Privacy really is (nearly) dead

June 16, 2013

Should government agencies be able to track your email traffic, internet browsing, physical location, when you have a crap? Pretty redundant question really. As Bruce Schneier has written, the Prism programme, run by the NSA, has been going on for some time… we only know about it because the unbelievably brave whistle-blower Edward Snowden revealed it to carefully chosen journalists, who have blown the lid on the gig. The NSA have been collecting info on whoever they choose – American, British, whoever – for quite some time, with no judicial oversight at all. That means, the NSA has been spying on the entire world, without even having to get a warrant!

I don’t think there’s much we can do about this. Extraordinary rendition, third-party torture, secret prisons run by the CIA all over the world: this is the status quo. The genie is out of the bottle, and it’s pretty much impossible to cram the bastard back in. All we can do is look to our own privacy and that of our friends, as well as we can (and remember: the NSA has been constructing a massive data storing/trawling centre in Utah; so they can collect as much as they like without worrying about storage capacity – they could conceivably spy on all of us, every person with a phone line or other internet connection, anytime, anywhere.

The other thing we can do is support whistle blowers like Snowden, Bradley Manning, Julian Assange… and all the others out there. As Schneier says in his article on the matter (and I really do urge you to follow his blog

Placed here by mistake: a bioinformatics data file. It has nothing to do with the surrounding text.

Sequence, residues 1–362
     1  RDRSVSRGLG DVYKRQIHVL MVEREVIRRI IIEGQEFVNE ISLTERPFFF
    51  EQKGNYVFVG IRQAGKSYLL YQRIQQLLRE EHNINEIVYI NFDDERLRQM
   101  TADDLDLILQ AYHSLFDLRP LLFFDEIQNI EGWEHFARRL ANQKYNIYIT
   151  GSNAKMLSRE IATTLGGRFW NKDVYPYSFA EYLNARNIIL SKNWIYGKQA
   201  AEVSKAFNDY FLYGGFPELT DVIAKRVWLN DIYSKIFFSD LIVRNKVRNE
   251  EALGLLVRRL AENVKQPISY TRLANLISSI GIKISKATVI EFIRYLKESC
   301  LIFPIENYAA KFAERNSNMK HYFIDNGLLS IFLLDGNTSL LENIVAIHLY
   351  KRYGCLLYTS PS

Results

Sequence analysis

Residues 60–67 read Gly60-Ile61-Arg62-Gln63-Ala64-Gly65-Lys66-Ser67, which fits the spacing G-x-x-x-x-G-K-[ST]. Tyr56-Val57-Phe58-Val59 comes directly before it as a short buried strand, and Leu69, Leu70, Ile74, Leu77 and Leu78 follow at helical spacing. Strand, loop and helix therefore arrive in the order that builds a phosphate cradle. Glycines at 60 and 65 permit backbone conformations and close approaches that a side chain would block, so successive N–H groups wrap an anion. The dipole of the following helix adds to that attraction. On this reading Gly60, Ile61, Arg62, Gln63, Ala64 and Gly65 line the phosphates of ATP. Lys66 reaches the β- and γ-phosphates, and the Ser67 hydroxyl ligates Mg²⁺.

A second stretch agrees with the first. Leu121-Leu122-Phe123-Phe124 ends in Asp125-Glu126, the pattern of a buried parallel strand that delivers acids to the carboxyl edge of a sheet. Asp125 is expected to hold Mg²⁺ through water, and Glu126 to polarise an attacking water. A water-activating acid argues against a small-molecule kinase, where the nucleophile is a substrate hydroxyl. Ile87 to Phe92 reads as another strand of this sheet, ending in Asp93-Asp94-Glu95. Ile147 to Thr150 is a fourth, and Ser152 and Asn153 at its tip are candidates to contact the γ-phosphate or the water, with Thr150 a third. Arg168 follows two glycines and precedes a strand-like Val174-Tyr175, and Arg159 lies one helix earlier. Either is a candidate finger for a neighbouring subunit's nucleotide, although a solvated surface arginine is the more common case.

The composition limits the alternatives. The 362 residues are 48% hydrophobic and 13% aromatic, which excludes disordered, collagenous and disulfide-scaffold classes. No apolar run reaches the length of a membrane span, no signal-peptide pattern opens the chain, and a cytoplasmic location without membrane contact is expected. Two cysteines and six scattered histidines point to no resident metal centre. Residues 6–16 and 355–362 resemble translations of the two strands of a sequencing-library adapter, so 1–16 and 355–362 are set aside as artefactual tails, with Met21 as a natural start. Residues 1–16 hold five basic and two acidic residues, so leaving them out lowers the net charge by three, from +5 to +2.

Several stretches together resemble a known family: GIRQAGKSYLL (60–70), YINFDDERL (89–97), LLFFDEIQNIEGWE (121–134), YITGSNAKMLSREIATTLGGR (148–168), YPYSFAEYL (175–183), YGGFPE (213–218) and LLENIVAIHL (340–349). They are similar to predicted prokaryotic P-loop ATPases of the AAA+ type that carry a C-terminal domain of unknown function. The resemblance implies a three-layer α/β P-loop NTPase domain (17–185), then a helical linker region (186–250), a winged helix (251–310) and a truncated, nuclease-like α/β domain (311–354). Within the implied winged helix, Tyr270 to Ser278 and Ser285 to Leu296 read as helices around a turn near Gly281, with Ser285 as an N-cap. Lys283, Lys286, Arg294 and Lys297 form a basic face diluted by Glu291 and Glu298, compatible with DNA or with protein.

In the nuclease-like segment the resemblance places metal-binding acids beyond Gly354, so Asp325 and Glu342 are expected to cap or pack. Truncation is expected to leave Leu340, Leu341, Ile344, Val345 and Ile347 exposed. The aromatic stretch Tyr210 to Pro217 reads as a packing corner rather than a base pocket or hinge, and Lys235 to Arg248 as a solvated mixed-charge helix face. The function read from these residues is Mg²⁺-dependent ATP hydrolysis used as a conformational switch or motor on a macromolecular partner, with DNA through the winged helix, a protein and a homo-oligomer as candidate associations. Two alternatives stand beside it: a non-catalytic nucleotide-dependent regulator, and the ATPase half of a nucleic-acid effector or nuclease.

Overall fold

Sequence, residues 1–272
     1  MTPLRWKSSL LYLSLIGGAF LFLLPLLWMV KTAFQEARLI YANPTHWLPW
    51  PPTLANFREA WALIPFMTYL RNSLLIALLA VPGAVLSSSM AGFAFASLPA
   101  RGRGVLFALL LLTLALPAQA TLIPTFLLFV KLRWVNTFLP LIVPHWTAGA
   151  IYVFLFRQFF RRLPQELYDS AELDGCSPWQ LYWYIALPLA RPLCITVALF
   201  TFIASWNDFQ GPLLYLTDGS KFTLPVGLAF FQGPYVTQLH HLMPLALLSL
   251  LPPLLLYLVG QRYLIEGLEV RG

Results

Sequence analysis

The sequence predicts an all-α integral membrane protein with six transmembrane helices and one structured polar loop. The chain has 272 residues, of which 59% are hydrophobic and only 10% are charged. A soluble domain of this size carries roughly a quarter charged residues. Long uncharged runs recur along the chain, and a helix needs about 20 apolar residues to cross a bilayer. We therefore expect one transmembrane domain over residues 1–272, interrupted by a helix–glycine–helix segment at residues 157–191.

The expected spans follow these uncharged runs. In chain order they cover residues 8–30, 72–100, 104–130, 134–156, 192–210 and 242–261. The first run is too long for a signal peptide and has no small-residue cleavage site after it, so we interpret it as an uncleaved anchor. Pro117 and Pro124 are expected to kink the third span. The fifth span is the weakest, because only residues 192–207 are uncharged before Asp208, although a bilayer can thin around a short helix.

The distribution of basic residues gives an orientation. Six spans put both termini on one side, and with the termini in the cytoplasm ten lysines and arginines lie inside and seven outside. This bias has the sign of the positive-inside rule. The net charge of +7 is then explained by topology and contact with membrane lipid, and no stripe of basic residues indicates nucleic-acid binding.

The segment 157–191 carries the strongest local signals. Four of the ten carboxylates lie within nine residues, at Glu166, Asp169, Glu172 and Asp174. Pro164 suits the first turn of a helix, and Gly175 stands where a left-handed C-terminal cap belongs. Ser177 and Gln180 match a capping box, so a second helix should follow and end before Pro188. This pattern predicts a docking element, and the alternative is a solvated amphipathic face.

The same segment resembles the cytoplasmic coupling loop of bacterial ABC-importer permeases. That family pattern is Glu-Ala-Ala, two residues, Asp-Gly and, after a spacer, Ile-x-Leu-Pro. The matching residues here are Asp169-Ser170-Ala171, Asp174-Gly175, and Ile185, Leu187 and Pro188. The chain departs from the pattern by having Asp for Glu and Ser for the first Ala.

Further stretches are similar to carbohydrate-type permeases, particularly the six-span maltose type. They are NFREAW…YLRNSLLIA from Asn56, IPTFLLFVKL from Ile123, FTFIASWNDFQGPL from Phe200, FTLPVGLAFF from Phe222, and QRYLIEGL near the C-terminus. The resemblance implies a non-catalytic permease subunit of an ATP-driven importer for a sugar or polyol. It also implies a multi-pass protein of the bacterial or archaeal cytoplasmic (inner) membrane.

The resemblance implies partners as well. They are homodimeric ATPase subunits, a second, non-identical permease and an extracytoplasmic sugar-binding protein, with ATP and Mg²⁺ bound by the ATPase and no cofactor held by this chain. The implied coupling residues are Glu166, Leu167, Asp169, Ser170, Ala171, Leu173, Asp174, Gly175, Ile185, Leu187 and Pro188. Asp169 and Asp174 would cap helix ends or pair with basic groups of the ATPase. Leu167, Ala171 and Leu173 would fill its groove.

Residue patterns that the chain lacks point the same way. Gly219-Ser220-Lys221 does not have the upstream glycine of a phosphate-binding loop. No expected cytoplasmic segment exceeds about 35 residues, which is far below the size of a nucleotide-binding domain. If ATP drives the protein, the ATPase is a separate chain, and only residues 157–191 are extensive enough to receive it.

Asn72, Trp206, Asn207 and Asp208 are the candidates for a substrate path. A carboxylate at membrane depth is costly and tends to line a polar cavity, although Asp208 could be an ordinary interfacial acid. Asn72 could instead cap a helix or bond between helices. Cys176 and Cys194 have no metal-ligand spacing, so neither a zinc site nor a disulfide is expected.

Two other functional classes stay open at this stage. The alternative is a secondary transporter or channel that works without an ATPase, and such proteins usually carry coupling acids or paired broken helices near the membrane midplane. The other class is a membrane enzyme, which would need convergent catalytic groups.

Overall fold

):

The U.S. government is on a secrecy binge. It overclassifies more information than ever. And we learn, again and again, that our government regularly classifies things not because they need to be secret, but because their release would be embarrassing.

Knowing how the government spies on us is important. Not only because so much of it is illegal — or, to be as charitable as possible, based on novel interpretations of the law — but because we have a right to know. Democracy requires an informed citizenry in order to function properly, and transparency and accountability are essential parts of that. That means knowing what our government is doing to us, in our name. That means knowing that the government is operating within the constraints of the law. Otherwise, we’re living in a police state.

We need whistle-blowers.